New Face Honoree Finds Inspiration in Mississippi River Basin

February 21, 2018

NF Button (1)For Sarah McEwen, it was almost too good to be true.

She moves to Jackson, Mississippi, to start her career as a water resources engineer, and what does she find? A detailed replica of the Mississippi River Basin constructed over 200 acres of park land.

It’s a water resources engineer’s dream, right?

McEwen“It’s the largest scale model in the world, and it’s in Jackson, Mississippi,” McEwen said. “Crazy.”

The U.S. Army Corps of Engineers built the Mississippi River Basin Model during the mid–20th century to conduct flood mitigation experiments and research.

But if it seemed almost too good to be true for McEwen, it’s because it was. The Army Corps ceased operations at the model in 1973; reopened then closed the model again in 1993; and years of neglect had not been kind to the site.

Undeterred, McEwen decided to take action.

She rallied some local ASCE members, as well as other leaders in the community, to save the Mississippi River Basin Model.

“We decided, ‘Okay, it’s now or never. Either we’re going to save this thing or it’s going to continue to decay,’” McEwen said. “‘Let’s see what we can do to get the ball rolling – clean up the space, add some educational components, and just preserve this cultural and historical landmark.’”

The team established the Friends of the Mississippi River Basin Model nonprofit organization to help refurbish and maintain the model. McEwen now serves as the group’s president, and ASCE has honored her as a 2018 New Face of Civil Engineering.

McEwen was probably predestined to be an engineer, even if she didn’t realize it at first. Her mother, father, and older sister all are engineers. Growing up in Alabama, McEwen discovered her own passion for civil engineering at a Mississippi State University engineering summer camp.

“It was just a great experience,” McEwen said. “I kind of saw that maybe I didn’t want to do all these other things; maybe I was going to be an engineer; maybe that’s just how I’m wired.”

She attended Mississippi State, where she joined the ASCE Student Chapter and focused her studies on water resources. She now works in Jackson as a water resources manager for AECOM and is married to another civil engineer, Jason McEwen.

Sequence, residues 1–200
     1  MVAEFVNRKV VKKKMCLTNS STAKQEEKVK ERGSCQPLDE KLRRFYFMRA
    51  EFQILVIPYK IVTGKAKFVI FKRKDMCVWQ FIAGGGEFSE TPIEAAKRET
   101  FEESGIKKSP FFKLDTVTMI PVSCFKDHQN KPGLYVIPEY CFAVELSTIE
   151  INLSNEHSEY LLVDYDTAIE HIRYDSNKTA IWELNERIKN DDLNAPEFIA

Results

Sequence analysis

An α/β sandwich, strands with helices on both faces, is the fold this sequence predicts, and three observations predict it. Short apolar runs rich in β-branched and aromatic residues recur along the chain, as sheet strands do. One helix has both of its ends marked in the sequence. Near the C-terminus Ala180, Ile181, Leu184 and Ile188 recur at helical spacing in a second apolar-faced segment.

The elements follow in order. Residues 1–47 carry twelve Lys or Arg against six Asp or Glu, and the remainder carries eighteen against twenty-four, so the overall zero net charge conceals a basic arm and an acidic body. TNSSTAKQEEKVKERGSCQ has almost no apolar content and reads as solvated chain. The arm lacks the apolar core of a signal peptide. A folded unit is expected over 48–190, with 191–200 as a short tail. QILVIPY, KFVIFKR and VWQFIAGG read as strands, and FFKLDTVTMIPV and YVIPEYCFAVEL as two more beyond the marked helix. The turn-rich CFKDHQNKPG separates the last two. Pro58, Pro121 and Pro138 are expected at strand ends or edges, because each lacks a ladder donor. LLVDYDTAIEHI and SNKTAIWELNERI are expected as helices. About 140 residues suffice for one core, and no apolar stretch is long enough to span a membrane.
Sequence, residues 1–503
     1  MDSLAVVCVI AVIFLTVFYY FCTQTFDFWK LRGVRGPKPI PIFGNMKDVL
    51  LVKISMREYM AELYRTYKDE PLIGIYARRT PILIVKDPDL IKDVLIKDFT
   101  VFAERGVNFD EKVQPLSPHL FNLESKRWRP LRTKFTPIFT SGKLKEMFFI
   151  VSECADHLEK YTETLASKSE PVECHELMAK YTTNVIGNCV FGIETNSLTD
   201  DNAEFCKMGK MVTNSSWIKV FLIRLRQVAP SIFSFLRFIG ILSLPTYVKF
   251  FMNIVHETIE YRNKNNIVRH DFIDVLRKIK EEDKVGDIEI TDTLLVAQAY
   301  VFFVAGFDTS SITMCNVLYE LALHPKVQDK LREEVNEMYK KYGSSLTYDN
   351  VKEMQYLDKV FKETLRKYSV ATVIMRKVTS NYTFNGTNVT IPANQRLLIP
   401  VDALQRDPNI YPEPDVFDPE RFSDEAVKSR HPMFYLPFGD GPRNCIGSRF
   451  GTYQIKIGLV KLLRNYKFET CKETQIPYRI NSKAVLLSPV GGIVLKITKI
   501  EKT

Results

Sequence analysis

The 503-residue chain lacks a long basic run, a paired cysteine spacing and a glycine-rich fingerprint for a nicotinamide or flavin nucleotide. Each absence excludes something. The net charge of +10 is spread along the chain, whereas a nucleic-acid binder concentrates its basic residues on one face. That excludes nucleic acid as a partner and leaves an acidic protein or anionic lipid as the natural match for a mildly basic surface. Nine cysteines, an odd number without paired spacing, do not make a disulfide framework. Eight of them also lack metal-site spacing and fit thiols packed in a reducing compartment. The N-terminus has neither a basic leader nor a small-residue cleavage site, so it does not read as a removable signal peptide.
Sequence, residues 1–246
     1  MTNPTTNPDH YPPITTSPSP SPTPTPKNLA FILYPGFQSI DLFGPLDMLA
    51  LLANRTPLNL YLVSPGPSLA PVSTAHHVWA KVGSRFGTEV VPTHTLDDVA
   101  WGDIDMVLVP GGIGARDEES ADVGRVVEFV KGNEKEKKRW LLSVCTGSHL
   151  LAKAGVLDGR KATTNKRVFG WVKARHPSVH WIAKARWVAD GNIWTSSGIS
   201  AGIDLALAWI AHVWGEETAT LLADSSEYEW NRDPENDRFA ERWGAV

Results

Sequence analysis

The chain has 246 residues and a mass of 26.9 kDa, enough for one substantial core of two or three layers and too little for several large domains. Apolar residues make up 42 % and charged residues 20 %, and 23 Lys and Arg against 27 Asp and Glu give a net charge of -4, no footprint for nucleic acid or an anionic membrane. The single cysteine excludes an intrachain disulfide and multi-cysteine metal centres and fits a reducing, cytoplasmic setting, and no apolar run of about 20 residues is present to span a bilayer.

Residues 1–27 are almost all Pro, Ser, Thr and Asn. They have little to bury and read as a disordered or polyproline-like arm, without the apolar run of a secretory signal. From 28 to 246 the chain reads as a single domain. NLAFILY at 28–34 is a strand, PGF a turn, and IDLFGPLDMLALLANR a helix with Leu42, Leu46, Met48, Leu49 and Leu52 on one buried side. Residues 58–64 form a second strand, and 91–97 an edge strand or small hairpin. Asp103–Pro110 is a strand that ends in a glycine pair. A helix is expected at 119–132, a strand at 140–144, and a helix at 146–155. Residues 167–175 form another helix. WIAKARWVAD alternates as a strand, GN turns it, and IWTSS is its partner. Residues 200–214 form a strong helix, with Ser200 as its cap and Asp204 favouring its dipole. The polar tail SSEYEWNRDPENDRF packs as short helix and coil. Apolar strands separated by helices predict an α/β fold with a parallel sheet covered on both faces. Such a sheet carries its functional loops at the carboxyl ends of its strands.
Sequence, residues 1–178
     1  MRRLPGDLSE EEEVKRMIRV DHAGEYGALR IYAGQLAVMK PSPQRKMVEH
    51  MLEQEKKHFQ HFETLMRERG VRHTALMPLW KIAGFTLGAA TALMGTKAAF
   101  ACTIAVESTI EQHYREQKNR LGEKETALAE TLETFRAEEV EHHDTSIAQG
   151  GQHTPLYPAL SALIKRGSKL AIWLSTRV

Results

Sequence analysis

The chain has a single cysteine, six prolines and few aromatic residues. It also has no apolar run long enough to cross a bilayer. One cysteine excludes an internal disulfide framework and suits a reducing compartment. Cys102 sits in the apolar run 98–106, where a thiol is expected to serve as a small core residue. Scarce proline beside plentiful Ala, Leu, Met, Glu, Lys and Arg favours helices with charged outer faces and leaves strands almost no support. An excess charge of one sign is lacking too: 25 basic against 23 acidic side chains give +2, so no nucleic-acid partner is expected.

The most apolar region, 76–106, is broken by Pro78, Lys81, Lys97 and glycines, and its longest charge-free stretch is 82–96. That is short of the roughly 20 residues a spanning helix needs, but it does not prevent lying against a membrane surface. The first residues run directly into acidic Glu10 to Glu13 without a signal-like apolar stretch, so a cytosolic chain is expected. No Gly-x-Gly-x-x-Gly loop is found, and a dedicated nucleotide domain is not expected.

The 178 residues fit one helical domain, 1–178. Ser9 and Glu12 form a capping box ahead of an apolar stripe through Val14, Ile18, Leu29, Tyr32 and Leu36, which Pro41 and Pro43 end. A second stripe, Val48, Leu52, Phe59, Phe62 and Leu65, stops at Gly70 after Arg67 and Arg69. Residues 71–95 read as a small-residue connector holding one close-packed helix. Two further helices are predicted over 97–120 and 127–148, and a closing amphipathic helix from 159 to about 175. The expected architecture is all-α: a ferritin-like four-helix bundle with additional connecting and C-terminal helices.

McEwen, WEB HORIZ

“There have been tons of books written on why Mississippi is such a strange, weird, wonderful place. I see such hope in the City of Jackson. Mississippi has so many extremely intelligent, passionate people who are working hard to make things better a little bit at a time.”

McEwen enjoys outreach work – she has served as a guide in a program that helps people with visual and hearing impairments play soccer – so the Mississippi River Basin Model has been a perfect combination of her interests. She and the Friends have started to clean up the model, clear paths, and hope to add signage, enlisting help from the Jackson State University ASCE Student Chapter and different Scout groups. They welcome school groups year-round. They share the history but also use the model as a tool to shape the future, by inspiring excitement in children for civil engineering.

“If it was just a model that was used by the Army Corps, we probably couldn’t save it, because people would just see it like, ‘Oh, that’s something derelict. It’s an old experiment that no longer has any value,’” McEwen said. “But this model had such an impact on modern computational technique. The experiments that were run still impact some of the decisions made by the Army Corps. That’s so neat to me. So many people have grown up in our area going to visit it, and we have people from all over the world come visit.”

McEwen is the vice president of the ASCE Jackson Branch and is involved in several other professional organizations. She volunteers with local Jackson Public Schools in STEM outreach, as well as with the Jackson State Student Chapter, who attend clean-up days at the model.

She hopes her work at AECOM, her volunteering, and of course the rebirth of the Mississippi River Basin Model can contribute positively toward her community. She may be from Alabama, but McEwen has found a home in Mississippi.

“There have been tons of books written on why Mississippi is such a strange, weird, wonderful place,” McEwen laughed. “I see such hope in the City of Jackson. Mississippi has so many extremely intelligent, passionate people who are working hard to make things better a little bit at a time.”

ASCE will honor all 10 New Faces of Civil Engineering – Professional at the 2018 OPAL Gala, March 15, in Arlington, VA. Read more about the rest of the New Faces class.

1 Comment
  • Great article Sarah. Congrats on all that you have done so far. It was great meeting you in Buffalo, NY this February and keep up the good work!

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